The Colorado Department of Education today released graduation, completion, and dropout rates for the state’s high schools. Overall, the graduation rate, or students who complete high school in four years, is up.
The state’s dropout rate also dipped for the eight consecutive year, albeit by just 0.1 percentage points. That’s about 120 fewer dropouts statewide than in 2013.
You can read more about the trends here. Or you can look at these snazzy charts. A note, this analysis is our first stab
Colorado graduation rate by gender, race
As expected, high school girls graduated at a higher rate than boys, though boys are closing that gap slightly by about 1 percentage point. Meanwhile, white students graduated at a higher rate than either black or Latino students.
The big 15
Changes in graduation rates among the state’s largest 15 school districts were mixed. Aurora Public Schools and Colorado Springs District 11 saw the largest gains with 3 percentage points each. Meanwhile, the Falcon school district saw the largest drop, 24 percentage points.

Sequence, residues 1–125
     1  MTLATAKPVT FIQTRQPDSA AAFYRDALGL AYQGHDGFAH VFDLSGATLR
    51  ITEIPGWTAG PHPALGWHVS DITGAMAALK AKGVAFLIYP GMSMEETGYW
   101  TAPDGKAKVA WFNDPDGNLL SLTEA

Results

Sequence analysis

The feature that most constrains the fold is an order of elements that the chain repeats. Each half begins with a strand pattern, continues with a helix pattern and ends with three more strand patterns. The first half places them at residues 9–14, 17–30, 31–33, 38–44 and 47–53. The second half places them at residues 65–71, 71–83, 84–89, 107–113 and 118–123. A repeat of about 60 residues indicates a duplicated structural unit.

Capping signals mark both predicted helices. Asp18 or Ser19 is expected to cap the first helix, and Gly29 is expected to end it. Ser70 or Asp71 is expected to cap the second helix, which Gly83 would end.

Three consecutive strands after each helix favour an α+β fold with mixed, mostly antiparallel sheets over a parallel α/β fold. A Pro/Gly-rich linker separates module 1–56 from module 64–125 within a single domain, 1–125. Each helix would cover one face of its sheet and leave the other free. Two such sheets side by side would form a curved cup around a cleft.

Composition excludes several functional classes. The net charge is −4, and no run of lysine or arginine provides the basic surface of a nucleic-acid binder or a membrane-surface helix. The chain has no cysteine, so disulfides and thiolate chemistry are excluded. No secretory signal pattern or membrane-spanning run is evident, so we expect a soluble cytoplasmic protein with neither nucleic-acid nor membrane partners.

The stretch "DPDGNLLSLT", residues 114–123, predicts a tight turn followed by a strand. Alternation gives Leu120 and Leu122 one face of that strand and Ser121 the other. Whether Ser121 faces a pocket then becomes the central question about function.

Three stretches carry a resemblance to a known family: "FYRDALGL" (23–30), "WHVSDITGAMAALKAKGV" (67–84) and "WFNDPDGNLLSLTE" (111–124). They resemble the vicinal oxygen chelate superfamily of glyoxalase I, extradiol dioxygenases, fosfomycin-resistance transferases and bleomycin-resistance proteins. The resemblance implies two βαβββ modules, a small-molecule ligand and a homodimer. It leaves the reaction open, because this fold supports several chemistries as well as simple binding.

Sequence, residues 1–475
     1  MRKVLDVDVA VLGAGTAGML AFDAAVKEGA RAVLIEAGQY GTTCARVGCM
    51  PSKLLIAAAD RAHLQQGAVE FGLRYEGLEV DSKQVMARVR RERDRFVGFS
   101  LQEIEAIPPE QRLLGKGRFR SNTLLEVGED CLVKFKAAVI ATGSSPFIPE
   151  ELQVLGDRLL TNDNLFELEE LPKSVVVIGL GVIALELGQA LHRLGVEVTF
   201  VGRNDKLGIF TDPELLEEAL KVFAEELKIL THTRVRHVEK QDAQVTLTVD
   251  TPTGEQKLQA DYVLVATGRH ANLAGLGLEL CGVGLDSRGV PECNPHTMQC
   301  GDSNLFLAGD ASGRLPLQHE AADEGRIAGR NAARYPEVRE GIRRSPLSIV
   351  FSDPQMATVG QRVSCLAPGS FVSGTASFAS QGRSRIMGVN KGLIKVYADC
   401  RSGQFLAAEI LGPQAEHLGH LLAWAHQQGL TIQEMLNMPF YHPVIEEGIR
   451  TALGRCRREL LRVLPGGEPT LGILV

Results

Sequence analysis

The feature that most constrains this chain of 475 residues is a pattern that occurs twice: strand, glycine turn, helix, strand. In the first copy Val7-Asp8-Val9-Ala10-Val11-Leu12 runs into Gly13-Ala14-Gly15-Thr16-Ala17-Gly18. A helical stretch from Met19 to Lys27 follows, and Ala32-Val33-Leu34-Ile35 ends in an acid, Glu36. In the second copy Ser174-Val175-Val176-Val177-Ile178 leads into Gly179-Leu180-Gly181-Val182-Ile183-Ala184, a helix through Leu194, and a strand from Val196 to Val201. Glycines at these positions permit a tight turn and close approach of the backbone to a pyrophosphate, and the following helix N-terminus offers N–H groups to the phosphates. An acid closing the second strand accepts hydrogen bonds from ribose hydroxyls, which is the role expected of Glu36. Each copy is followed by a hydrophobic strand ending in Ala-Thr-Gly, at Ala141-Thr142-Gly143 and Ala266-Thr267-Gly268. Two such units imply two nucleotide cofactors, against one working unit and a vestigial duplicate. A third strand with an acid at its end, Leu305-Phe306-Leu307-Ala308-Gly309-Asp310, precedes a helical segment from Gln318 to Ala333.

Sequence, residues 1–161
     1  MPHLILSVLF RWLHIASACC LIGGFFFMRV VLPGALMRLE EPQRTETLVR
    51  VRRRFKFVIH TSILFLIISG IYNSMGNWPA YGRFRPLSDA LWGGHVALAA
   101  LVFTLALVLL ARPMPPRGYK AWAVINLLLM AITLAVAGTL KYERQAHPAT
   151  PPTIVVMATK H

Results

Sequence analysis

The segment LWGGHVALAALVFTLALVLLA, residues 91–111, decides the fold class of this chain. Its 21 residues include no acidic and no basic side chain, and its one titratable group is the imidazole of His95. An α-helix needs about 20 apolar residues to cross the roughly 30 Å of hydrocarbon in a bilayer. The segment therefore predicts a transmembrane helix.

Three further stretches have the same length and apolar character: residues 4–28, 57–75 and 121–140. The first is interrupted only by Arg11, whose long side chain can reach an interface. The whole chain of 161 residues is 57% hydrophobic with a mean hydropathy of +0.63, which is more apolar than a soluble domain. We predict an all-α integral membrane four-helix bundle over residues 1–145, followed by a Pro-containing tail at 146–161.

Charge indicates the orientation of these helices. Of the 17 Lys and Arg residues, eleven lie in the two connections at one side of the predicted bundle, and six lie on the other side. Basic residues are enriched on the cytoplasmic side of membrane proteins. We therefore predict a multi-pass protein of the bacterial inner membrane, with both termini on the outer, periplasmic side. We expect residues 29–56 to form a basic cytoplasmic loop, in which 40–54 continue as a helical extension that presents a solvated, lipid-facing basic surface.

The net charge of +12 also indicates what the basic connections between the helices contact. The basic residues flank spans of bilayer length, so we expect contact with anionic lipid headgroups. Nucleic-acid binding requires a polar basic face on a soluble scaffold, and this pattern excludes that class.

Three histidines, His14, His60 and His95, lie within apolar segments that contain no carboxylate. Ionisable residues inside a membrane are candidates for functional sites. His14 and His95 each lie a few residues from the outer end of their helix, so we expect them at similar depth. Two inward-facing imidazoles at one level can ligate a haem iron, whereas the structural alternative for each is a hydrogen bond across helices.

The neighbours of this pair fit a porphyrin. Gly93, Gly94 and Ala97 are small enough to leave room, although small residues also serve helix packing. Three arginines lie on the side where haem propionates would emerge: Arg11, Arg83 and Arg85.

The big 15’s gaps
Achievement gaps between students of color and their white peers vary among Colorado’s 15 largest school districts. It’s clear that some school districts –Mesa (Grand Junction), Aurora, and Cherry Creek, for example — do a better job of graduating black students, while school districts like Colorado Springs District 11, Greeley, and Pueblo do a better job of graduating Latino students.
Graduation rates — mostly up — at state’s struggling schools
More students graduated last year from seven of the 10 school districts on the state’s accountability watch list. That’s good news for the students and the school districts that are at risk of losing their accreditation. While the state mostly judges schools on how much students learn year to year, graduation rate is a critical factor. It’s unknown whether the boosts, especially in Sheridan, will be enough to stave off state intervention.
Some poorer districts graduating more students than others
Denver Public Schools has nearly doubled its graduation rate since 2006. But it still has a long way to go to catch up to the state’s average — and to get bragging rights on Colorado districts with similar demographics. Here’s a look at some of the state’s largest and poorest school districts’ graduation rates.